Filed under: Advertising, Education, Happiness, LGBT, Public Opinion, Youth | Tags: Advertising, Happiness, LGBT, Public Opinion, stonewall, Youth
Peace, love, goodwill to everyone – fine words at the end of a year which saw a surge in support for the BNP and a rise in homophobic attacks. It’s been a year of growing intolerance in the UK. Interesting then, digging around in the World Values Survey, to see that the world’s most tolerance societies are also the happiest.
It confirms some of our favourite country stereotypes: exuberant Latin American countries which embrace diversity, contrasted with former communist countries of eastern Europe – grim and intolerant. I pulled the data for people who said they were “very happy” and ran it alongside people who said that “homosexuality is never justifiable”. Here’s the results:
It’s all strangely affirming. The more tolerant countries – Sweden, Spain, Canada, Thailand – are the most happy. The more homophobic places – Poland, Ukraine, Russia – are more miserable. It’s a global truth: 92,000 people took the survey across the world, and among those who said that homosexuality is never justifiable, 25% said they were very happy; among those who said it was always justifiable, 31% were very happy. Stop the press: tolerant people are more happy.
Of course most of us knew this already: the question is, how do we tell the rest of them? Peace, love and goodwill are good for the soul – a difficult message to convey to someone struggling in harsh economic conditions, whether in Russia’s industrial wastelands or in Bradford. But it’s an important idealistic message: be happy, love your neighbour.
Stonewall’s campaign against homophobic bullying is a good start. “Some people are gay. Get over it” – in other words, the problem’s yours, deal with it. The campaign was developed by kids in schools, and has been a successful conversation starter. It’s a bold, challenging message – but what’s the emotional benefit? What’s in it for the bullies? We need a positive message as well, something to aspire to.
It will be interesting to see where Stonewall takes the campaign next. The World Values Survey shows that a quarter of Britons think homosexuality is “never justifiable”. This is less than the US (32%) and the world average (56%) – but still, 1 in 4 people is still a huge amount, and recent events suggest it’s on the increase. There’s clearly work for Stonewall to do.
NB. the last World Values Survey was completed in 2007. It’s is being repeated in 2010.
Filed under: Alcohol, Drugs, Economics, Education, Youth | Tags: Alcohol, digital, digital natives, Drugs, Education, lost generation, RSA, Youth, YouTube
A few of us from Mother went to the Lost Generation talk at the RSA last week, where the economist David Blanchflower warned of the “lull before the storm” in youth unemployment. Currently it’s 1 in 5, and set to rise. This is a big deal, he says: it could leave permanent social and economic damage on an entire generation.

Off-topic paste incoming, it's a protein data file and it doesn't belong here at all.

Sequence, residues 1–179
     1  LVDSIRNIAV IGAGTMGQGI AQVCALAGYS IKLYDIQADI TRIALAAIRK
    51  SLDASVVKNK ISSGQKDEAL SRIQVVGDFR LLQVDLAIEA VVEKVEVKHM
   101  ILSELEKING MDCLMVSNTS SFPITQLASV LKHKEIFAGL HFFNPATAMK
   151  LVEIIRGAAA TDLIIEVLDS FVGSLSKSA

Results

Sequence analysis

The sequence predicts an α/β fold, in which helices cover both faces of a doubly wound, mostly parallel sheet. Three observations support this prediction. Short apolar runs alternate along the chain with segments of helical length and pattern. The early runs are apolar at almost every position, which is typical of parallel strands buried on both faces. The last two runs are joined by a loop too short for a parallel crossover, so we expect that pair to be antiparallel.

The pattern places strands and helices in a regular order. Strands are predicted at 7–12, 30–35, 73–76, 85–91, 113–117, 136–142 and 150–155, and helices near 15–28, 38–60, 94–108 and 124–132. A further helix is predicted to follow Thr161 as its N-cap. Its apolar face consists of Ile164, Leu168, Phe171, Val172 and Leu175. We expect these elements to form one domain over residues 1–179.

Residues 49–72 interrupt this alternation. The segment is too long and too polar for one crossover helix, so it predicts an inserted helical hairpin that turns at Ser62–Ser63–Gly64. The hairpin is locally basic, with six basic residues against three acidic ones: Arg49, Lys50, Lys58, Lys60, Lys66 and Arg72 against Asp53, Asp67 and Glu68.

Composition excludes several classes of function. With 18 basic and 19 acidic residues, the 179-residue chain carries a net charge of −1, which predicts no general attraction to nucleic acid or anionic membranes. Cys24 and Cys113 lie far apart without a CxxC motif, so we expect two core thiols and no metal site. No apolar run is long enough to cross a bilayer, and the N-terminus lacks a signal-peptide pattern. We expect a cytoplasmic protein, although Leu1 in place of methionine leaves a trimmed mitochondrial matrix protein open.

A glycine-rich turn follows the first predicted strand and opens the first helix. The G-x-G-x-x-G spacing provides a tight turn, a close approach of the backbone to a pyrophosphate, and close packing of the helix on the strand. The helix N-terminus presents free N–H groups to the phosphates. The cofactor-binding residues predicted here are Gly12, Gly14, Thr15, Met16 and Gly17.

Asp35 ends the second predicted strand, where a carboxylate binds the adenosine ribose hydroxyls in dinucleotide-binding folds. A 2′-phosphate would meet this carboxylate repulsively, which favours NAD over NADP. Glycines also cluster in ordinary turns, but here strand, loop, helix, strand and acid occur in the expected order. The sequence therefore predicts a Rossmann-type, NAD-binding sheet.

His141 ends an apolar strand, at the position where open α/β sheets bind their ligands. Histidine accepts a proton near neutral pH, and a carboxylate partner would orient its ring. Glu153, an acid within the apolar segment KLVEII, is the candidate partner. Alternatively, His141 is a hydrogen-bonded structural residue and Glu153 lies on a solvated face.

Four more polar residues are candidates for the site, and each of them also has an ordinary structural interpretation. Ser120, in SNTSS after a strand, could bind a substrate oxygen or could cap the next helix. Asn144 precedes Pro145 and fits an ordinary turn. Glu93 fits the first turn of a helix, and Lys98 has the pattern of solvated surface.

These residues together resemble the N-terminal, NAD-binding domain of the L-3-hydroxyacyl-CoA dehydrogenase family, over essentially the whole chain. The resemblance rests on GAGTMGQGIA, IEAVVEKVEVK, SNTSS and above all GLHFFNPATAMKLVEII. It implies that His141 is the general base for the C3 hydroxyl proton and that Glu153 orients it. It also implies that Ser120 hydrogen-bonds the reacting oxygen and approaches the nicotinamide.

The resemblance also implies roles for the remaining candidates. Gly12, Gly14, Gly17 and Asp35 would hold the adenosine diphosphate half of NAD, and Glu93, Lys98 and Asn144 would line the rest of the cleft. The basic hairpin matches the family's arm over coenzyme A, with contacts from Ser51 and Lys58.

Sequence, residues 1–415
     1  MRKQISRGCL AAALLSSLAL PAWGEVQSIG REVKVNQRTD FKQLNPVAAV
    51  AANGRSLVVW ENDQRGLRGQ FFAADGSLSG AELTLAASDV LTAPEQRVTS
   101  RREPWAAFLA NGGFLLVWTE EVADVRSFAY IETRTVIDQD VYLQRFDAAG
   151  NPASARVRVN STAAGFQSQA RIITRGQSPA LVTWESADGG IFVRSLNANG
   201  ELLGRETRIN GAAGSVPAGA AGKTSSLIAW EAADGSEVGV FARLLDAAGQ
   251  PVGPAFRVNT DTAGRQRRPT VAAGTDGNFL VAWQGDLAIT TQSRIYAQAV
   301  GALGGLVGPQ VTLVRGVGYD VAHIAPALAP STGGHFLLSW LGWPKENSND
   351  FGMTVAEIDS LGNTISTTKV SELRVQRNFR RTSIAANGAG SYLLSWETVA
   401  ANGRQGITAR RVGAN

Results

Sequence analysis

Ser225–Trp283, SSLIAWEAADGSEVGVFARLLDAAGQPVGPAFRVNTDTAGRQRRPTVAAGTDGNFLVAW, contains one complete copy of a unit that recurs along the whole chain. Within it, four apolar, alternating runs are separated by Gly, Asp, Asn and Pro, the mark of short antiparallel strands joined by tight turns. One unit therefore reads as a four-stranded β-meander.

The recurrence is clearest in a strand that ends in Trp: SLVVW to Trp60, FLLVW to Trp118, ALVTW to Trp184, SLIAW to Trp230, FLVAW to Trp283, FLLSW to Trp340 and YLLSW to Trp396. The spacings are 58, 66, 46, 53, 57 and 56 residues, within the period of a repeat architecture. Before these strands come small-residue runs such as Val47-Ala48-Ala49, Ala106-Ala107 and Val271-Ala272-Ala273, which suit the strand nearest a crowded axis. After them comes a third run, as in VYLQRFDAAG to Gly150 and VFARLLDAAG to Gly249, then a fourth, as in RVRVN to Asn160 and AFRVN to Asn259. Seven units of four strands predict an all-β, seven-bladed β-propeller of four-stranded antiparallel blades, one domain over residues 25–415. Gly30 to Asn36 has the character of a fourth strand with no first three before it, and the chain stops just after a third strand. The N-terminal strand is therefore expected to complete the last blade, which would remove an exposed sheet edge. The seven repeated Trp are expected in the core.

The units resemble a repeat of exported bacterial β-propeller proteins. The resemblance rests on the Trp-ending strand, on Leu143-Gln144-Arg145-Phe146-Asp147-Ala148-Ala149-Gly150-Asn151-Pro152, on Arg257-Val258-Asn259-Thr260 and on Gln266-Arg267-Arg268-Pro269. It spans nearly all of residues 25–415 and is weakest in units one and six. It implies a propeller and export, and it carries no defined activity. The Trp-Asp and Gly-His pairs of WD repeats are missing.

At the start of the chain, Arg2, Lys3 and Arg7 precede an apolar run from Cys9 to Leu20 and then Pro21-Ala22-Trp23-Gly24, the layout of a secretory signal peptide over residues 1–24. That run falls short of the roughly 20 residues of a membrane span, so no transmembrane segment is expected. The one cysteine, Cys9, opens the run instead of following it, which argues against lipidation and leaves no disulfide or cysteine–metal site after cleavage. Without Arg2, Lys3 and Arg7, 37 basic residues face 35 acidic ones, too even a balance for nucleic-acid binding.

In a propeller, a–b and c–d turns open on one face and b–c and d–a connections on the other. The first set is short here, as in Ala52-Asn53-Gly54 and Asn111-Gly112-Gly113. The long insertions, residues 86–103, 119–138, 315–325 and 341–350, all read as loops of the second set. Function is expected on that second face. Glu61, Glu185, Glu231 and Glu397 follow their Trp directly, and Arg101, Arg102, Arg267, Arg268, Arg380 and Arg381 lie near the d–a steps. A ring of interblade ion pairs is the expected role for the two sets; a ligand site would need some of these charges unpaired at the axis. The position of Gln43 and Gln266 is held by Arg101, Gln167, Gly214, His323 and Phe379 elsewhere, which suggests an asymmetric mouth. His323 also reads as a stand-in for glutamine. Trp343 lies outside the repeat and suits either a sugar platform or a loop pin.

Interesting to see the allergic reaction from Ruby Pseudo to the language of “lost generations”. Here she is, speaking up:
We have the tools; the abilities; the knowledge, to succeed in an increasingly digital world – we are fast thinking, forward thinking, adept and mobile. We are the net generation and, by that, the most powerful generation ever [and we’re the ones that are in trouble?!]
Ruby’s point is that the world of work needs to adapt to a generation with a different set of skills. It’s not just a macro economics question of job creation: as Miles Templeman of the Institute of Directors put it in the discussion after the talk, the old jobs are going, and they’re not coming back. The challenge is to find new ways of working, more flexible and engaging modes of employment.
All this sounds good, but something’s not right. Last week we spent a couple of hours talking to 16 year olds from local Hackney schools. None of them had a clue (or much interest) in what happens when school finishes – let alone any ideas about the future. These are the kids that the President of the National Union of Students Wes Streeting focused on during the talk – the ones at risk of real, lasting social exclusion, drug and alcohol abuse, etc.
When we asked them what would be their ideal job, there was a pretty clear answer: testing computer games. It made me think of Steve Johnson’s book Everything Bad Is Good For You: the technology/media/culture environment young people are growing up in is teaching them to new cognitive skills – skills which aren’t being engaged by the world of work.
If the way that young peoples minds work is changing, shouldn’t the world of school change too? Instead, we have an epidemic of Ritalin prescription in this country – in some towns, as many as one in seven children under 16 are prescribed Ritalin (source). This is the lost generation: thousands of young people being pathologised for the convenience of doctors, teachers and parents.
It’s the good old Digital Natives and Digital Immigrants generation gap. It’s not just the world of work that needs to change, the world of learning does too. As the US group Partnership for 21st Century Skills puts it, “today’s education system faces irrelevance unless we bridge the gap between how students live and how they learn”.
Before we start getting all “Learning 2.0″, let’s get some perspective. We asked the 16 year olds we met what they’re looking at on YouTube at the moment: as one of them said, “I just type in FUNNY SHIT and see what happens”. We thought we’d entertain ourselves and our clients by running together a montage of the clips they talked about…. LYAO!
“Dole Street” image grabbed from David Blanchflower’s RSA Presentation. Any YouTube copyright infringements unintentional!